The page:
And he did the same thing in Tuesday night’s Match 4, parlaying a Daily Double into 15,200 points and adding another 5,000 points on his third straight Daily Double. He clinched it when Holzhauer and Rutter failed to come up with Iago on a final “Jeopardy!” question about the Shakespearean character.
How important were those decisions? Absolutely critical.
Let’s take a closer look: Overall, Holzhauer and Jennings were amazingly efficient and dueled back and forth often during the four-day event, while also reeling off long runs occasionally (Holzhauer answered eight straight questions at one point, Jennings six).
Jennings correctly answered 179 of the 192 questions he buzzed in on, or 93.23 percent. Holzhauer answered 188 of 202, or 93.07 percent. Rutter logged in at 81 of 96, or 84.4 percent.
Jennings and Rutter effectively corralled Holzhauer when it came to Daily Doubles. Not only were they searching for them strategically, but luck also played a huge factor. Rutter hit three Daily Doubles on the first pick of a round, which turned out to be catastrophic, because he had such a small amount of points to play with and because he missed many of the questions. He picked a total of 10 Daily Doubles, but answered only four correctly and lost 11,200 points.
What was detrimental for Rutter was a boon for Jennings. He didn’t hit as many Daily Doubles as Rutter, but he got more than Holzhauer, earning 51,600 points while answering seven of eight questions correctly. His main challenger answered five of six correctly for 39,600 points. But more than 20,000 of that came way too late after Jennings had pulled away to win Match 4.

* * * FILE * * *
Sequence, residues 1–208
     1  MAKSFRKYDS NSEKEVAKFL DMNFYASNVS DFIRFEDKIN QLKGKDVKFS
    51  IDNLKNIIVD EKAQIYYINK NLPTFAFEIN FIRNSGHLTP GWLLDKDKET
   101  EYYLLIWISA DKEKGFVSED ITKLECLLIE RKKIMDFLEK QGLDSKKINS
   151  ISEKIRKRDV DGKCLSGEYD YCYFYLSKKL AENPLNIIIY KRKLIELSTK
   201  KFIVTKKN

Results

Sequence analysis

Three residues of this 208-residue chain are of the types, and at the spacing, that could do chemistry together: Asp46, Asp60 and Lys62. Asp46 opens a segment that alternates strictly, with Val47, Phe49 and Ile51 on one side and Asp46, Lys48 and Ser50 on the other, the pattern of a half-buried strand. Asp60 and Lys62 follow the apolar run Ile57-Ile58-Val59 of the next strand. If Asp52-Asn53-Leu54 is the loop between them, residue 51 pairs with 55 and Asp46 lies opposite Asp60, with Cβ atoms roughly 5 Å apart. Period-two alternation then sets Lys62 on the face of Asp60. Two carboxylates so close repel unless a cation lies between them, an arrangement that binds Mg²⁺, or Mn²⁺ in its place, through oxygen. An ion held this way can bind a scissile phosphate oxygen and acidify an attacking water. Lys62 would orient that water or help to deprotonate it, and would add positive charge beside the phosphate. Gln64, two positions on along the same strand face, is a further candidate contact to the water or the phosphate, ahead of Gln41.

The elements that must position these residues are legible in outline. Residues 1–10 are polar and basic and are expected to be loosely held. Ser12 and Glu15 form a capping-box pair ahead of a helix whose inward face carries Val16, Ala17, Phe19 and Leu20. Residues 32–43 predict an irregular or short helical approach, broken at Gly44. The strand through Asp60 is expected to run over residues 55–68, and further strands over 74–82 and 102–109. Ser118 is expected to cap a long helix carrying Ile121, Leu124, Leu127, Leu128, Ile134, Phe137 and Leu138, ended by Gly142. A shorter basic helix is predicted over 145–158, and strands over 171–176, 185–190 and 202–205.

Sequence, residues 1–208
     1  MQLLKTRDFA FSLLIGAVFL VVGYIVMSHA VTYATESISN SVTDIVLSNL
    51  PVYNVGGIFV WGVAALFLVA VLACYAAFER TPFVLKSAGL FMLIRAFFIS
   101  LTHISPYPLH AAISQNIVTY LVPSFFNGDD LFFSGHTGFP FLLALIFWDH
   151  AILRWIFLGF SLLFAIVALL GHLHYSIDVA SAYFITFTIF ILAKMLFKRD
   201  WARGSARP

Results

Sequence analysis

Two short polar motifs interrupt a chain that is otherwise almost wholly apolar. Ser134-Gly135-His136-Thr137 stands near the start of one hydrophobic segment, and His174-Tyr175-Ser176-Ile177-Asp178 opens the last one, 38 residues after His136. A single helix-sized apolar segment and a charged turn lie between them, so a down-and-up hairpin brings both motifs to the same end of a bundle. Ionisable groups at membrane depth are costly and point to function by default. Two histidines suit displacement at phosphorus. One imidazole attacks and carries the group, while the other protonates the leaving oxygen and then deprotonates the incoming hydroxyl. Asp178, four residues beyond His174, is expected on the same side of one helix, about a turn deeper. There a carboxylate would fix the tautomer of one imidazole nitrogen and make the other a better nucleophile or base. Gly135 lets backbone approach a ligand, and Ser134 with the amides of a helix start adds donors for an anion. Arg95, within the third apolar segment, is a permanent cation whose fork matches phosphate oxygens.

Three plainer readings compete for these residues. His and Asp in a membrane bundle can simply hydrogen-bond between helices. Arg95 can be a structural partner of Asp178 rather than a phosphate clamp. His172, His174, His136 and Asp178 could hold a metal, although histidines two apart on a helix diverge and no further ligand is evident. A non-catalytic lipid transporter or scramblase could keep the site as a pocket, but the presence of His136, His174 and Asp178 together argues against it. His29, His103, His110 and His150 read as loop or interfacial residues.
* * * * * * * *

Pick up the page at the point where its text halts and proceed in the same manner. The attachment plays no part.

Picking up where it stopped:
“I think what you saw in the tournament is just how much luck there is in a game of ‘Jeopardy!’,” Jennings said. “Brad had weirdly good luck finding those Daily Doubles, but it was a double-edged sword because he had the bad luck of finding very difficult Daily Doubles. That’s not something a player has any control over. I’ve been in past tournaments where a lot of breaks went against me and I guess I had finally accumulated enough good karma, good ‘Jeopardy!’ karma with the ‘Jeopardy!’ gods that this time a few breaks went my way at exactly the right time. I feel fortunate (more than) anything else. Like I kind of escaped with the win there.”
Jennings also dominated his opponents in second-chance points. He correctly answered 11 of 12 questions that his opponents beat him to the buzzer on but got wrong. He earned three second-chance answers in a game twice during the tournament, most impressively converting 4,800 points worth of misses by Holzhauer in Match 3 into 4,800 for himself, a 9,600-point swing.
Jennings was so hot he was able to gamble, pulling answers like Imhotep, Arcadia and “The Faerie Queene” out of the ether. At one point, Trebek stopped the game to make note of a run of seeming guesses that ultimately helped decide things.
“I hope you will not take offense, Ken, but so often when you respond in a questioning manner as if you’re not sure, and then you delight in the moment,” Trebek said. “It’s wonderful to see.”
Jennings said there’s no vamping when he’s hyperventilating at the lectern.
“I’m not putting on a show when I exhale in relief,” Jennings said with a laugh. “That’s all real. There’s the thing where you’ve buzzed in and then have to scrounge up the answer. … Or sometimes it’s just that you’re having an intuition flash into your head and then you press the button and then you have to reconsider that intuition. Am I about to say something incredibly stupid? Because the game just goes lightning fast and you’re just going off first impressions and hunches right and left.”
It just so happens that Jennings’ and guesses are a lot better than yours and mine.